he pharmacy aisle can feel like a jungle these days—especially when you’re weeding through pill bottles with watery eyes and Kleenex attached to your face. But just because you’ve got access to every med under the sun doesn’t mean they’re all benign to your body. (In fact, they all come with risks, especially if you’re taking other prescription medications.) We spoke with Maria M. Mantione, pharmacist and director of the doctor of pharmacy program at St. John’s University, about five easy-access pills that deserve an extra warning.
1. Multi-Symptom Products
Cold, cough, and flu combo meds are tempting to buy—odds are there’s something in there that’ll nix your problem, right? Unfortunately for the lazy, it’s a lot safer to isolate your symptoms and treat them one by one, even if it requires some extra label reading. “Most women usually don’t have all five ailments on the bottle, and any medication with multiple ingredients is going to put you at a greater risk for overdosing or interactions,” says Mantione. For example, most multi-symptom meds contain acetaminophen as one of the main ingredients to treat fevers, sore throats, and the like. But popping Tylenol on top of that (also acetaminophen) can cause you to exceed the daily limit for the drug, which can lead to liver damage or even death.
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The most popular person in the office is usually the one who keeps a giant-sized bottle of a pain reliever like ibuprofen or naproxen at their desk. When headaches, back pain, or cramps strike, non-steroidal anti-inflammatory medications (NSAIDs) can save the day. But high doses over long periods of time come with some serious risks: gastrointestinal problems (nausea, constipation) are a common side effect, and more serious complications like ulcers or even kidney failure can occur. The FDA recently adjusted NSAID drug labels to make it super clear the pills come with an increased risk for heart attack and stroke, too. No need to live in pain—just follow the label and see your doc if you’re taking the pills for longer than 10 days.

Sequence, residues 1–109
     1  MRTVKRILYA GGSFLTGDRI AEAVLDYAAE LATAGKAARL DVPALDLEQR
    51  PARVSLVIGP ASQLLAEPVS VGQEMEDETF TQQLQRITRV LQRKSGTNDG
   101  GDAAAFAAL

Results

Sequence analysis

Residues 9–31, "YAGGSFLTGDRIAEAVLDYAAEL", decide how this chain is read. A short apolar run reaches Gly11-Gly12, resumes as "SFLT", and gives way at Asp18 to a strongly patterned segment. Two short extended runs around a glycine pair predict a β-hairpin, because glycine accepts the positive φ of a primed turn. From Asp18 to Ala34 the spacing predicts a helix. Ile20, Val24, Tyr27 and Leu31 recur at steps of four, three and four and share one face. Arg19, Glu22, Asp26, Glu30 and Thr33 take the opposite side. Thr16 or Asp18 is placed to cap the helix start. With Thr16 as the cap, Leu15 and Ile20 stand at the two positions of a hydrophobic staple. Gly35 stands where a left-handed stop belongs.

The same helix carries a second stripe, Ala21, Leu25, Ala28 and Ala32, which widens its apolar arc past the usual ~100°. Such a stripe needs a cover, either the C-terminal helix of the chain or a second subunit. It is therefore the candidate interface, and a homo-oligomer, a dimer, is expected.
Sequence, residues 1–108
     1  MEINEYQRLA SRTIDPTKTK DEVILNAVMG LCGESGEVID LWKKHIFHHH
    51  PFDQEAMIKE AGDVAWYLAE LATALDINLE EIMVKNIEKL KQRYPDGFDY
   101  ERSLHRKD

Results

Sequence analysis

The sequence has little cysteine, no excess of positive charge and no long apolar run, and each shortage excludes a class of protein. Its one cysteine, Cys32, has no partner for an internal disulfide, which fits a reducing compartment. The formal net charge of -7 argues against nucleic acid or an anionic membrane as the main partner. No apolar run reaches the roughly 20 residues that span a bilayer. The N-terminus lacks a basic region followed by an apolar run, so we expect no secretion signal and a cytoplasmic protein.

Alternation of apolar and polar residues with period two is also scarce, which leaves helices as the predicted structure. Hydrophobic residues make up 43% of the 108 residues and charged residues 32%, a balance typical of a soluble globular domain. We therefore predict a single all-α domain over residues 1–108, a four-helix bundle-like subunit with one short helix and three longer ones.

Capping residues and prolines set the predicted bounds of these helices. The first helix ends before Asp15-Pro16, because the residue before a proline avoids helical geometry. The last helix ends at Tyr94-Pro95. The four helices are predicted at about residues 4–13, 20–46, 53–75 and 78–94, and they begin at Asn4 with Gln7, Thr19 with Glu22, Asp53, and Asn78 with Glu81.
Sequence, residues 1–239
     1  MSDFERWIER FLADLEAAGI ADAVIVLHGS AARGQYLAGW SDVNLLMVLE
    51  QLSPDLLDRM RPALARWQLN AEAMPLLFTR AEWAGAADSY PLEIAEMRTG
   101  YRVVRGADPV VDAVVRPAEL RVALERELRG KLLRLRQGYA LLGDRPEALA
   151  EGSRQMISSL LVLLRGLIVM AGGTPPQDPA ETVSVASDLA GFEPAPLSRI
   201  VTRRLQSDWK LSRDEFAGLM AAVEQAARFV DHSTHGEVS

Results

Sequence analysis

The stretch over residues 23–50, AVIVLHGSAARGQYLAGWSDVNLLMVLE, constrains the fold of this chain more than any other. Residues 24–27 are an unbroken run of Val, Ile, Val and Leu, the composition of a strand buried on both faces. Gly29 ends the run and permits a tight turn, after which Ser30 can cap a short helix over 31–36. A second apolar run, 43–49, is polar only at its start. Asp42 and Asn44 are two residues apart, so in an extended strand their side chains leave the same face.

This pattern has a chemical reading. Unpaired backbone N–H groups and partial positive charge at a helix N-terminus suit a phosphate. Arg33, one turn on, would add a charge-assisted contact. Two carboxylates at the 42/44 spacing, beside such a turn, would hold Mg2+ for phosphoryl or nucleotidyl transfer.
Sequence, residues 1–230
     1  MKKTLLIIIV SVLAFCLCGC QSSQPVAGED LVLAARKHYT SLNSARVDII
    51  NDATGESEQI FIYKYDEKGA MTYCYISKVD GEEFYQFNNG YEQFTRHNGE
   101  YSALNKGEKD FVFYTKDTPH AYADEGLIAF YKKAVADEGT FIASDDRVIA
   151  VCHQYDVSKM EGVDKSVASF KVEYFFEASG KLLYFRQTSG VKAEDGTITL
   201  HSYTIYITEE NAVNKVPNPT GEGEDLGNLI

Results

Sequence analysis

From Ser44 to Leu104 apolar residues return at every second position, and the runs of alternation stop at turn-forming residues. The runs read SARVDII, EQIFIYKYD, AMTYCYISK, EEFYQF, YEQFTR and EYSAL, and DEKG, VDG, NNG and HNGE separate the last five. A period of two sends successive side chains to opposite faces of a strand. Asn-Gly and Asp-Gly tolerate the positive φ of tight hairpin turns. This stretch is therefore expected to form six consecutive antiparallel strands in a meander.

Swigging some Mylanta after overindulging in a cheesy pizza is no big deal. Neither is taking a two-week course of Prevacid to clear up more frequent heartburn. But Mantione says a number of antacid users take the drugs for longer than recommended on the label without supervision. “Some people take them every day for months on end to treat acid reflux, but if you’re not being monitored by a doctor, the drugs could be covering up a more serious condition,” says Mantione. (It’s rare, but years of heartburn could lead to cancer of the esophagus.)
The newer forms of daily allergy meds (like Claritin or Zyrtec) are generally pretty safe, but old-school antihistamines like Benadryl (formal name: Diphenhydramine) come with some potent side effects (think: drowsiness, confusion, dizziness) and shouldn’t be used during the day or while driving. Diphenhydramine (an ingredient in Tylenol PM) can also enhance the effects of other drugs like muscle relaxants, sleep aids, or anxiety medications, so clear everything with your pharmacist before mixing the two.
This congestion-buster, found behind the pharmacy counter in medication like Sudafed, can usually bring quick and sweet relief to clogged nasal passages. But it comes with a risk of side effects like an increased heart rate, nervousness, and insomnia. Pseudoephedrine can also interact with some blood pressure meds and other stimulants like caffeine, so talk with a doc or pharmacist (especially if you’re pregnant, have high blood pressure, or other heart conditions) before bringing this one home.